We estimate intergenerational income mobility in Italy using administrative data from tax returns. Our estimates of mobility are higher than prior work using survey data and indirect methods. The rank-rank slope of parent-child income is 0.22, compared to 0.18 in Denmark and 0.34 in the United States. The probability that a child reaches the top quintile of the national income distribution starting from a family in the bottom quintile is 0.11. We uncover substantial geographical variation: upward mobility is much stronger in northern Italy, where provinces have higher measured school quality, more stable families, and more favorable labor market conditions.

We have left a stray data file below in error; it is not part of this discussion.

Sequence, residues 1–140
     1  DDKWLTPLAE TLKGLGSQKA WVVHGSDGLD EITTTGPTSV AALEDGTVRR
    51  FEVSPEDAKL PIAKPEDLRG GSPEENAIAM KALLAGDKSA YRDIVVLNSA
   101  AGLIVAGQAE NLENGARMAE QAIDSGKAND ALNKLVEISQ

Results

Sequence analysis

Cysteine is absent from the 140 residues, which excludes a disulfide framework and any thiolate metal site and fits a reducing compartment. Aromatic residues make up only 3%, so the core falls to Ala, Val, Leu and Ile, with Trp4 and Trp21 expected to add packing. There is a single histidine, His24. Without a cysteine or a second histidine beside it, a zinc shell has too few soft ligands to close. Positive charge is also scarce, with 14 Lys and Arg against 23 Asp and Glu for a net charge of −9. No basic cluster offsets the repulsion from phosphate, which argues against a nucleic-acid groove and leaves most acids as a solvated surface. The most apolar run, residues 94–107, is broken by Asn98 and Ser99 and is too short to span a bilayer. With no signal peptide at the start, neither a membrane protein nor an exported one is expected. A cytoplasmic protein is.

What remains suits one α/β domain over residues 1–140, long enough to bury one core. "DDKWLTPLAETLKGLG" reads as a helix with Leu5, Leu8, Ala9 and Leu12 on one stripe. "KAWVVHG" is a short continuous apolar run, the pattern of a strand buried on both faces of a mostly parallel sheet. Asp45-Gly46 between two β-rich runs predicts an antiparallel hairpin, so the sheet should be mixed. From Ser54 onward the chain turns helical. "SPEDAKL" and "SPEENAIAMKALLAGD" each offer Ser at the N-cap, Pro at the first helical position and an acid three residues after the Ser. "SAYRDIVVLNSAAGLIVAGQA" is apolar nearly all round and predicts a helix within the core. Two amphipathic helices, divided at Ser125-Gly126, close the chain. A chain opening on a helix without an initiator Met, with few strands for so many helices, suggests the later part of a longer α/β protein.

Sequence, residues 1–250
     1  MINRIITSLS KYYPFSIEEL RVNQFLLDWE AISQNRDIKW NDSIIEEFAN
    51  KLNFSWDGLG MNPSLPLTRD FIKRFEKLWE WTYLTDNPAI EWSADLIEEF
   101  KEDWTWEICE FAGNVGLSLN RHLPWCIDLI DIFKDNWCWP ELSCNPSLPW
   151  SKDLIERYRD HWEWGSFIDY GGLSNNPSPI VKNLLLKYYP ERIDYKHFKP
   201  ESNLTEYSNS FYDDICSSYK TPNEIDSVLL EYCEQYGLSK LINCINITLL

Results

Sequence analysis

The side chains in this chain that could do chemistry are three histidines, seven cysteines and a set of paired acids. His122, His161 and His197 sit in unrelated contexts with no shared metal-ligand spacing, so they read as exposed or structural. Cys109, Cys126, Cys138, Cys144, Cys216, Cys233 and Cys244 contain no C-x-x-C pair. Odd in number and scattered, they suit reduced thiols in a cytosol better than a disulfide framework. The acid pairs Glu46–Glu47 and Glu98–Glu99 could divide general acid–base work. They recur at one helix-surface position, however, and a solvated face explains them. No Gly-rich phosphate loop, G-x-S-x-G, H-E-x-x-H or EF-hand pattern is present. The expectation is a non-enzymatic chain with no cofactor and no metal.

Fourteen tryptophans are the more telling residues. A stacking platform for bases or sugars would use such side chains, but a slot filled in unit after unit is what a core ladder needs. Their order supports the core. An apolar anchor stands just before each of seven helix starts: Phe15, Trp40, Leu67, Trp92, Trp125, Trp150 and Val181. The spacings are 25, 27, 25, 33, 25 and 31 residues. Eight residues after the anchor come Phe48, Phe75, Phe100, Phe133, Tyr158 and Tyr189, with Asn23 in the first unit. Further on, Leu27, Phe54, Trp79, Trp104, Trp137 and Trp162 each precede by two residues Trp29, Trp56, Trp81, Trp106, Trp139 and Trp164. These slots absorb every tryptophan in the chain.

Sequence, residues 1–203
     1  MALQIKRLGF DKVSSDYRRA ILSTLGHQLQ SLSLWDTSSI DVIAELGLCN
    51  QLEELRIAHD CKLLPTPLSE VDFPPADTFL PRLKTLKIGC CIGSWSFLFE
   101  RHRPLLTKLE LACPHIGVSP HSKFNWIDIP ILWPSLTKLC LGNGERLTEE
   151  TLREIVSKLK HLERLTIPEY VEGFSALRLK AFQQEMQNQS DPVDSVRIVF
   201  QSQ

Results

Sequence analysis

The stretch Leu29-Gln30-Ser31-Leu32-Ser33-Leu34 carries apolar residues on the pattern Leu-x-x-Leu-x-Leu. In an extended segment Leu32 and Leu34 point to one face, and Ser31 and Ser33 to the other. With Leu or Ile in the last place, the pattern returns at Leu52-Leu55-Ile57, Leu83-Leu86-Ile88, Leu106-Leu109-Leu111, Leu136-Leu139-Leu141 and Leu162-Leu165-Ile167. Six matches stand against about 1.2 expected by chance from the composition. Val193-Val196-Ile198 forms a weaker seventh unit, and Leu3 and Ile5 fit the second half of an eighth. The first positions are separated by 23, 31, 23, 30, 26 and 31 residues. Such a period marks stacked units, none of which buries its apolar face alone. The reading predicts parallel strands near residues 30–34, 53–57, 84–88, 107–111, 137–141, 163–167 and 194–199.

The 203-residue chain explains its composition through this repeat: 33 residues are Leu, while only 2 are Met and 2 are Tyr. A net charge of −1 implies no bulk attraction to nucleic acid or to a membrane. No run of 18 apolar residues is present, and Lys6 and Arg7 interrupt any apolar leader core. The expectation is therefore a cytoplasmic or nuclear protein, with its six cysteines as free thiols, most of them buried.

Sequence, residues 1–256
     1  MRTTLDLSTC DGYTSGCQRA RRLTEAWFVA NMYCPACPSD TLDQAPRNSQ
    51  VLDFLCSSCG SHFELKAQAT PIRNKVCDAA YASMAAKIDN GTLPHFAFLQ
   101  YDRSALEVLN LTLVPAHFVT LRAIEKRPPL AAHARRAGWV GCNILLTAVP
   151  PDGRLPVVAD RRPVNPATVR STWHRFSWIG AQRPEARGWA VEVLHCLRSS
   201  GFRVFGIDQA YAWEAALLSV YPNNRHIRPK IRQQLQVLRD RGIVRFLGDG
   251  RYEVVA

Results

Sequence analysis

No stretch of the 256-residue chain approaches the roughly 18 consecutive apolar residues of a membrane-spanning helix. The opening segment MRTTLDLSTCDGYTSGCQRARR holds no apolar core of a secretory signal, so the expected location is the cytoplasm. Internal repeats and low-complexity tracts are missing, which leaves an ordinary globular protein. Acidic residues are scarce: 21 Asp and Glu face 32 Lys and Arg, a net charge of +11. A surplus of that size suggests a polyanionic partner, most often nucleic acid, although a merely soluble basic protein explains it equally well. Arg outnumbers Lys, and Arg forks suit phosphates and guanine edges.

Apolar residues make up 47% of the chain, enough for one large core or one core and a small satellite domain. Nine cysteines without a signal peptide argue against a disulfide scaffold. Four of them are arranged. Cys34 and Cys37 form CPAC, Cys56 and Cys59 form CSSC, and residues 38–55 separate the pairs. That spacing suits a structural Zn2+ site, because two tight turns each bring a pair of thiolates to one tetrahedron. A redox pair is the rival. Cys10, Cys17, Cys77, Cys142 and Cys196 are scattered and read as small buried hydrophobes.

Acciari, Paolo, Alberto Polo, and Giovanni L. Violante.
"And Yet It Moves: Intergenerational Mobility in Italy."
American Economic Journal: Applied Economics,
Personal Income, Wealth, and Their Distributions
Wage Level and Structure; Wage Differentials
Job, Occupational, and Intergenerational Mobility; Promotion
Urban, Rural, Regional, Real Estate, and Transportation Economics: Regional Migration; Regional Labor Markets; Population; Neighborhood Characteristics